According to the U.S. Energy Information Administration on April 16, 2013, the Annual Energy Outlook for 2013 is as follows:

2. Oil price and production trends in AEO2013
The benchmark oil price in AEO2013 is based on spot prices for Brent crude oil (commonly cited as Dated Brent in trade publications), an international benchmark for light sweet crude oil. The West Texas Intermediate (WTI) price has diverged from Brent and other benchmark prices over the past few years as a result of rapid growth in U.S. midcontinent and Canadian oil production, which has overwhelmed the transportation infrastructure needed to move crude oil from Cushing, Oklahoma, where WTI is quoted, to the Gulf Coast. EIA expects the WTI discount to the Brent price level to decrease over time as additional pipeline projects come on line, and will continue to report WTI prices (a critical reference point for the value of growing production in the U.S. midcontinent), as well as imported refiner acquisition costs (IRAC).

AEO2013 projections of future oil supply include two broad categories: petroleum liquids and other liquid fuels. The term petroleum liquids refers to crude oil and lease condensate—which includes tight oil, shale oil, extra-heavy crude oil, and bitumen (i.e., oil sands, either diluted or upgraded), plant condensate, natural gas plant liquids (NGPL), and refinery gain. The term other liquids refers to oil shale (i.e., kerogen-to-liquids), gas-to-liquids (GTL), coal-to-liquids (CTL), and biofuels (including biomass-to-liquids).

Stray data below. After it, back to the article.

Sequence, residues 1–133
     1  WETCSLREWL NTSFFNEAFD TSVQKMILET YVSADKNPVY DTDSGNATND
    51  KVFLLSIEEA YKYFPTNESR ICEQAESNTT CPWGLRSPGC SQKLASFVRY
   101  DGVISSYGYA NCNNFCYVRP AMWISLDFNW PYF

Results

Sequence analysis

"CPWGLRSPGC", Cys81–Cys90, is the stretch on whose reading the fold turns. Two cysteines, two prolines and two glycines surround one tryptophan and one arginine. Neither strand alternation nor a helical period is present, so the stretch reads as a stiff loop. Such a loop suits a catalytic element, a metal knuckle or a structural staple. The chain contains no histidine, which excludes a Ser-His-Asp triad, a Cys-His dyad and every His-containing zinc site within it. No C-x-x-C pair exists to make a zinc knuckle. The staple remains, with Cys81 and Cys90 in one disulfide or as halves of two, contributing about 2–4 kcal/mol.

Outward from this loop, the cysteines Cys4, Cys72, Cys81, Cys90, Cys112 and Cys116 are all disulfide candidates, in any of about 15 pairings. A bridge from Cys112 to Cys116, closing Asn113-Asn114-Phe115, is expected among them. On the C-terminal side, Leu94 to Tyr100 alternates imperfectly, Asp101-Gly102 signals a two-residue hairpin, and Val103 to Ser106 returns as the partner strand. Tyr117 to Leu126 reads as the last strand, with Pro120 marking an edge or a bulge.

The key factors determining long-term supply, demand, and prices for petroleum and other liquids can be summarized in four broad categories: the economics of non-Organization of the Petroleum-Exporting Countries (OPEC) petroleum liquids supply; OPEC investment and production decisions; the economics of other liquids supply; and world demand for petroleum and other liquids.